Want to guest blog here? This is how.

So it seems guest blogging is a popular pastime among authors. After last Thursday’s guest post by writer, raconteur and man-about-town Steve Vera, I’ve gotten interest from other authors about guest blogging here. Since Steve’s post generated some increased traffic for both him and I, let it be known that I will offer a regular series of guest posts for selected authors. Cue the fanfare.

I consider this a win-win. With my own blog subscribers and Twitter followers, along with my auto-linking elsewhere, I can potentially reach quite a large number of people with each post. So it’s good for you. And you’ll be pointing your fans and followers toward my site, where they will come face to face with my writing as well. So it’s good for me.

That means, of course, I need to figure out how to do this. You know, rules and stuff. Damn.

For now, and until I can come up with something better, I’m simply going to have each guest answer one question:

What makes YOUR book so gosh-darn special, anyway?”

That’s exactly the question I want you to address if you want to guest blog here (though you don’t need to actually reiterate the question in your post.) There’s a lot of urban fantasy, steampunk, hard SF, military SF, epic fantasy, etc. What sets your work apart from everything else on the shelf?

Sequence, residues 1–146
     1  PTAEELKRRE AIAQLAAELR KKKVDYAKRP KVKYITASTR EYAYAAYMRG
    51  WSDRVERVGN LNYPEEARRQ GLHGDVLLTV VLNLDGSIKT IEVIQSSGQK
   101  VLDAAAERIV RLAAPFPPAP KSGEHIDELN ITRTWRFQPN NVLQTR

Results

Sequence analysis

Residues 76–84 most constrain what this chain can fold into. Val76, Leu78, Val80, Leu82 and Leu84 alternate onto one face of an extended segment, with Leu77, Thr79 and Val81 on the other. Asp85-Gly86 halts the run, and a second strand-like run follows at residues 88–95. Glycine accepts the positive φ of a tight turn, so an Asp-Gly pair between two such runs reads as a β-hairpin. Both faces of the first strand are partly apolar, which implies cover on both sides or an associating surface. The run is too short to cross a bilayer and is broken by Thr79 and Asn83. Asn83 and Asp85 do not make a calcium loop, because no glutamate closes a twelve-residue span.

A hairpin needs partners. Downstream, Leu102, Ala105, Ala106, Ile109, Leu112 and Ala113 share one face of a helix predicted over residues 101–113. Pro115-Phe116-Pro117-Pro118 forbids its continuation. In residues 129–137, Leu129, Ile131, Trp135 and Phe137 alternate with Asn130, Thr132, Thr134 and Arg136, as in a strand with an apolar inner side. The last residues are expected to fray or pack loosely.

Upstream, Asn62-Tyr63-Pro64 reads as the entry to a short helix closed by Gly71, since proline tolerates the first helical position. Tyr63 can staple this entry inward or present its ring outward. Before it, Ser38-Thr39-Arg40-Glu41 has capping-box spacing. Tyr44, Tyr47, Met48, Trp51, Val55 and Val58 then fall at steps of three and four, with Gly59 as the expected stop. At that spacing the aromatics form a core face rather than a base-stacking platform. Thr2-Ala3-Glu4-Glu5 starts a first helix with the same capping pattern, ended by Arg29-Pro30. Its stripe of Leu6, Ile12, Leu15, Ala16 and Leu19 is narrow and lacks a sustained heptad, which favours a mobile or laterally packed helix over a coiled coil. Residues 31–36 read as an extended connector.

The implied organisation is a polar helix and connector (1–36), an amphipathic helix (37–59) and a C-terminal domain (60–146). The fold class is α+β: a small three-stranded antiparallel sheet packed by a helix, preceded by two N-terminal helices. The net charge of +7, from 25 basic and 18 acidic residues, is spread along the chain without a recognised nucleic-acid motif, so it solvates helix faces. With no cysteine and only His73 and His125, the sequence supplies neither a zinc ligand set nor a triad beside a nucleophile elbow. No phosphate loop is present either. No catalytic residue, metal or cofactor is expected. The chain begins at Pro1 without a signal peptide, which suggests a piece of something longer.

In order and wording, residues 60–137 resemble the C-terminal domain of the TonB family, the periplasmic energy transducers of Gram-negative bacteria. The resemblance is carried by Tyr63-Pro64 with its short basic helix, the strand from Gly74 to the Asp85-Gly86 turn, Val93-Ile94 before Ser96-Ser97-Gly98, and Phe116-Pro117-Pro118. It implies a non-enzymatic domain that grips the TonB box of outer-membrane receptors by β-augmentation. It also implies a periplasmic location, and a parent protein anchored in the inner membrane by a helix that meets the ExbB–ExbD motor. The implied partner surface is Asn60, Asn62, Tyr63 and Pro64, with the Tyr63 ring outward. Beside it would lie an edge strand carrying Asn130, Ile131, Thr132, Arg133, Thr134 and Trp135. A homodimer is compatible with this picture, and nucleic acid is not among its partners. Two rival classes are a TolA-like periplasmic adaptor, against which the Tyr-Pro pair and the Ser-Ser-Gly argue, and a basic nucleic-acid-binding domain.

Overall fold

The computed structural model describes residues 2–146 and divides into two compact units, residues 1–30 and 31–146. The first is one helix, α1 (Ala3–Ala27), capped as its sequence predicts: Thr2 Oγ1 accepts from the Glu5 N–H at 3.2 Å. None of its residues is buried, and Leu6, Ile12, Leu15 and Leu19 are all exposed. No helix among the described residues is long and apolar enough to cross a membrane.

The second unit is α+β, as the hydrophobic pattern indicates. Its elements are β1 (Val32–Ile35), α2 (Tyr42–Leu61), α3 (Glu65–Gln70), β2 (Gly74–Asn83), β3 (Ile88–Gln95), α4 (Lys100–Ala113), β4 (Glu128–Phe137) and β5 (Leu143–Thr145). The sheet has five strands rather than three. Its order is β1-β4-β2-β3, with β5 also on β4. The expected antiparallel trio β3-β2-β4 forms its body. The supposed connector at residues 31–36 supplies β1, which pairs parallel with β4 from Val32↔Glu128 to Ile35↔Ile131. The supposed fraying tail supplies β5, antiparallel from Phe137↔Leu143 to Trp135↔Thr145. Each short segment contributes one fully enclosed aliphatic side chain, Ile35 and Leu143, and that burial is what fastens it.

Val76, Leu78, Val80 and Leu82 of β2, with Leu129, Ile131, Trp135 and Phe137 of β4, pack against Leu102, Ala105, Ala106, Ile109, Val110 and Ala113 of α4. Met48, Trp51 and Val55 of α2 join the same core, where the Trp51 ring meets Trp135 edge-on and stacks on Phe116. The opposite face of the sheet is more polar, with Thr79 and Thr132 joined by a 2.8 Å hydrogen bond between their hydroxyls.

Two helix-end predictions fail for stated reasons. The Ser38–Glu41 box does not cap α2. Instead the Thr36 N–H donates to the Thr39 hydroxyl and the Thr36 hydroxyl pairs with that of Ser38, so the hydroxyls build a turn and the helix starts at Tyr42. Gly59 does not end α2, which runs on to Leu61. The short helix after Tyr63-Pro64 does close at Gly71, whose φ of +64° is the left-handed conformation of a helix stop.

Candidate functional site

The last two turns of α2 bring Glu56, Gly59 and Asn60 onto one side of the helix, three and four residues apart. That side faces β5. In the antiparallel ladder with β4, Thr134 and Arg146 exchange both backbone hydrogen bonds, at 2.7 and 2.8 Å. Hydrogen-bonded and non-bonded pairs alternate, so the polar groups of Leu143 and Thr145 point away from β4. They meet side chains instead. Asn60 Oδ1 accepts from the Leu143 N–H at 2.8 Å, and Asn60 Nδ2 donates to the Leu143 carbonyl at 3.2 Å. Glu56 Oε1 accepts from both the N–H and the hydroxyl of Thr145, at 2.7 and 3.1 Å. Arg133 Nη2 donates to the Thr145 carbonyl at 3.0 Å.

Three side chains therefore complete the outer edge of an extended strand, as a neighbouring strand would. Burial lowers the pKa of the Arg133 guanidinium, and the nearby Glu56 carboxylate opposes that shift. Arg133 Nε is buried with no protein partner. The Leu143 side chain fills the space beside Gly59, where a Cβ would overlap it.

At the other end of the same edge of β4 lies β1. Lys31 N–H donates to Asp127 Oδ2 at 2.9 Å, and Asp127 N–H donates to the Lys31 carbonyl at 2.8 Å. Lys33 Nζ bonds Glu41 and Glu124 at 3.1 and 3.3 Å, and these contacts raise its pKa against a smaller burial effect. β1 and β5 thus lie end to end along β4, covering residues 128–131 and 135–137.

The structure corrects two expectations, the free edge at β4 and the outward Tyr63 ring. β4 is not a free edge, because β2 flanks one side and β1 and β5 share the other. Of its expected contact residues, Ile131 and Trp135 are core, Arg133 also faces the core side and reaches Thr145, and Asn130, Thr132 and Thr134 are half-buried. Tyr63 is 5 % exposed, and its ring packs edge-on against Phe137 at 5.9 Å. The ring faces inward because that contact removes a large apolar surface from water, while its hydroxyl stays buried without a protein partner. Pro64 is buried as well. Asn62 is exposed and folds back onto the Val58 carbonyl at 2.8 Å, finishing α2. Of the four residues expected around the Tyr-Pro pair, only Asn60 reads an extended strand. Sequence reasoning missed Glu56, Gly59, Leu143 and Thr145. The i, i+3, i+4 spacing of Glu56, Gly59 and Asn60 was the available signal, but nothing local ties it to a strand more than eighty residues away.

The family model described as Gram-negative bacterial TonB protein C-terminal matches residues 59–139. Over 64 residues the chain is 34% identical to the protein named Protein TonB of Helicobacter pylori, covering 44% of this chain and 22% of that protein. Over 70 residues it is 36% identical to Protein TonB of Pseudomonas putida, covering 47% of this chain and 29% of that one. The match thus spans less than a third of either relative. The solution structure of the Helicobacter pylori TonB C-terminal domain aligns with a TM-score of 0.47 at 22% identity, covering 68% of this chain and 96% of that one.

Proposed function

Maybe it’s setting, or character, or plot. Maybe you’re trying something new stylistically. Maybe you have fresh characters, or you’re subverting genre tropes. Whatever it is, make your case. Fans’ funds are fickle and finite, sadly, so your job is to convince them that your book will give them something different, and interesting and fun. Please, however, when writing your guest blog, try not to give a all-too-thorough recap of your book. This is a thought piece, not a synopsis or sales copy.

Now, with the theme out of the way, I need a process and some criteria.

Let’s start with criteria. As much as I would like to, I’m not going to cover-to-cover read every book by every author who might want to borrow my digital real estate. So I’m going to need some basic quality assurances. For starters:

  • You’re going to need to be published somewhere other than self-publishing or vanity press. At some point along the space-time continuum, you’ve been published by a respected outlet of some kind or another that paid or will pay you real cash money. It can be a short story in a good SF/F literary magazine, it could be an e-book-only press (that isn’t in trouble with SFWA or a similar body), or it can be a traditional publishing house like mine.  You can promote a self-published work here, so long as a professional publisher at some point in the past paid you for your writing. The SFWA qualifying list is a good place to start, but I promise to be a bit more flexible than they are. (For example, Steve’s publisher, Carina Press, isn’t on the SFWA list, but I’m OK with them.)